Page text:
26 November 2017

Butterflies of Borneo

Butterflies of Borneo
Time for new Field Guides?

Glorious Begum (Agatasa calydonia mahasthama) but called "Eight Coloured Jack" by Otsuka in his book

A visitor from Europe recently left me an email to inquire about local references and literature about South East Asian butterflies, and in particular, Borneo where he planned to spend a week. Whilst I was able to point him to several decent works about butterflies in the region, I was quite hard-pressed to refer him to good field guides about Bornean butterflies. Continued searches on the internet, good nature book stores and amongst like-minded butterfly enthusiasts did not turn up anything other than what was already currently available.

A map of Borneo island.

The island of Borneo is the 3rd largest island in the world. It is politically divided among three countries: Malaysia and Brunei in the north, and Indonesia to the south. The island covers 751,936 sqkm (that's more than a thousand times the size of little Singapore!). About 73% of the island is Indonesian territory known as Kalimantan. In the north, the East Malaysian states of Sabah and Sarawak make up about 26% of the island. Additionally, the Malaysian federal territory of Labuan is situated on a small island just off the coast of Borneo. The sovereign state of Brunei Darussalam, located on the north coast, comprises about 1% of Borneo's land area.

Banded Faun (Faunis stomphax stomphax) - Bako National Park, Sarawak

Borneo has extensive primary rainforest cover that is believed to be over 140 million years old, making it one of the oldest tropical rainforests in the world. In recent years, infrastructural development, logging and oil palm plantations have continued to decimate the natural rainforests. In the past decade, severe massive forest fires further reduced pristine rainforests to ashes. The island is home to a large number of endemic species, and the number of species new to science cannot be underestimated as researchers rush to document Borneo's rich biodiversity.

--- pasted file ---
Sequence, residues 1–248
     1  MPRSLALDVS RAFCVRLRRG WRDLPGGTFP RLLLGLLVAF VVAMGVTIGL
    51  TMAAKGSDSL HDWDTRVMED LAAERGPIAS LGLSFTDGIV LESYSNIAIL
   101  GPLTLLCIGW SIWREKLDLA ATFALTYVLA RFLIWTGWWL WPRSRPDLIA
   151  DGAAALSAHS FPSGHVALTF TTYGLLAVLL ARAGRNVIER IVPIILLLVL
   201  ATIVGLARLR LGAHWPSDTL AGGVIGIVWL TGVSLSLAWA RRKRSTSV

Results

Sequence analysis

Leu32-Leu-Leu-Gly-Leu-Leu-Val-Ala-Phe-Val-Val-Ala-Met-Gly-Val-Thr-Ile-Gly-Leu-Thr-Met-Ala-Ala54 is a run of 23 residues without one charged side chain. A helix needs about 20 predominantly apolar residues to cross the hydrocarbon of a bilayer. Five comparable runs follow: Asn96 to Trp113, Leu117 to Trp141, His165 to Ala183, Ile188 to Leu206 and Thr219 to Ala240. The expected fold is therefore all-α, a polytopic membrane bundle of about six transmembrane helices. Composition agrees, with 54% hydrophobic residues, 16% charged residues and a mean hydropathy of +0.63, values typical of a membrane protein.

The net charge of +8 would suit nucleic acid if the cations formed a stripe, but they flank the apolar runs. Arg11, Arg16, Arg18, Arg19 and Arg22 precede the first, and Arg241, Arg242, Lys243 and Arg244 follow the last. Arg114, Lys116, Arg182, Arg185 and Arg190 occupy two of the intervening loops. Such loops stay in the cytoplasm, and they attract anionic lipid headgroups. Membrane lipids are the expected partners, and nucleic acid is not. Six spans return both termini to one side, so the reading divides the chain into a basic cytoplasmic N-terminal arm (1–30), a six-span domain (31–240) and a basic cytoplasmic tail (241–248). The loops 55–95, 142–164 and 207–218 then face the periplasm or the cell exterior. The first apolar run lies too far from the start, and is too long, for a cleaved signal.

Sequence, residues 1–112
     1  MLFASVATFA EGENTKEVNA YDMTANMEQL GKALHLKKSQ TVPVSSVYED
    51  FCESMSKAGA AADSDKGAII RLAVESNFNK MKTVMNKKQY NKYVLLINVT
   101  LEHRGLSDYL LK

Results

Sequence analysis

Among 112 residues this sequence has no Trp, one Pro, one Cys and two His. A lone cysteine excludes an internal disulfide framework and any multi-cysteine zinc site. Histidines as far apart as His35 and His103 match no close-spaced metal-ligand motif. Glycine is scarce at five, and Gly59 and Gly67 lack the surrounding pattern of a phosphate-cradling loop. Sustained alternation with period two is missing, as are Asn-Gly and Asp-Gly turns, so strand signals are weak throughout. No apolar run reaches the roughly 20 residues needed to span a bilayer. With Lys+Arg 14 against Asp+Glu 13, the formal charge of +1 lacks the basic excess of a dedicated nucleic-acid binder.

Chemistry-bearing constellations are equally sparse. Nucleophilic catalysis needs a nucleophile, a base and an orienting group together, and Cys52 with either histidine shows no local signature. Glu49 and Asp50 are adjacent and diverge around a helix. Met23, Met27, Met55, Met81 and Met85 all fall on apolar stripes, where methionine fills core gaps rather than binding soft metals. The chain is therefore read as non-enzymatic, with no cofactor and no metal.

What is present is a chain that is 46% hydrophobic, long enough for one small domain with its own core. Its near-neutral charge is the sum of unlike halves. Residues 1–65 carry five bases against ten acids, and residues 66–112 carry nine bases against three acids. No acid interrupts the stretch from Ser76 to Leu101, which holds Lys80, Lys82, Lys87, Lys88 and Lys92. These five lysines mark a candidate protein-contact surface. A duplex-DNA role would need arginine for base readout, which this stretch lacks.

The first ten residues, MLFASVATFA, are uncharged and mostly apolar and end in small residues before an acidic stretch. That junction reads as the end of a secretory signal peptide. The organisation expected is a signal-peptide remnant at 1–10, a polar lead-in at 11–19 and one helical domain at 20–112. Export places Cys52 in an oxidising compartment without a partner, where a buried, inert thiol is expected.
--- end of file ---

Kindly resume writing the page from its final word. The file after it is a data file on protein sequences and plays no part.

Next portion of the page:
Kinabalu Swordtail (Pathysa stratiotes) a Bornean endemic. Mahua Waterfall, Sabah, Malaysia

There are nearly a thousand species of butterflies that have been discovered in Borneo. Of these, close to 10% are endemic to the island - meaning that these species are found only on Borneo and nowhere else in the world. Over the years, species new to science continue to be discovered as previously inaccessible parts of the rainforest are opened up. Mount Kinabalu in the state of Sabah, is the highest peak on Borneo, rising to 4,101m. There are many endemic montane species of flora and fauna found in Borneo.

One of the best taxonomic references on the Butterflies of Borneo is the out-of-print Butterflies of Borneo, Vol 2 No 1 Lycaenidae (published in 1991). However, this book only deals with the Lycaenidae species in Borneo, whilst the elusive Vol 2 No 2 covers Hesperiidae.

Currently the most comprehensive field guide on the butterflies of Borneo

Another book by the same author Kazuhisa Otsuka, is a 224-page hardcover Field Guide. A selection of about 200 species of butterflies found in Borneo is featured in the book. The book is rather short on the introduction of butterflies in Borneo and taxonomic details about butterflies. Searching for species in the usual organised taxonomic families is difficult, as the author organised the book by habitats. Even the index to the species pages are ordered by habitats and there is no easy way of searching for each species alphabetically, either by scientific or common names.

The author organises the book by the following habitats and sub-habitats :
Lowland Butterflies (by sea shores and islands)
Lowland Butterflies (around villages and farms)
Lowland Butterflies (in forests)
Low Mountain Butterflies (by streams)
Low Mountain Butterflies (edges of forests)
Low Mountain Butterflies (in forest)
High Mountain Butterflies (by streams)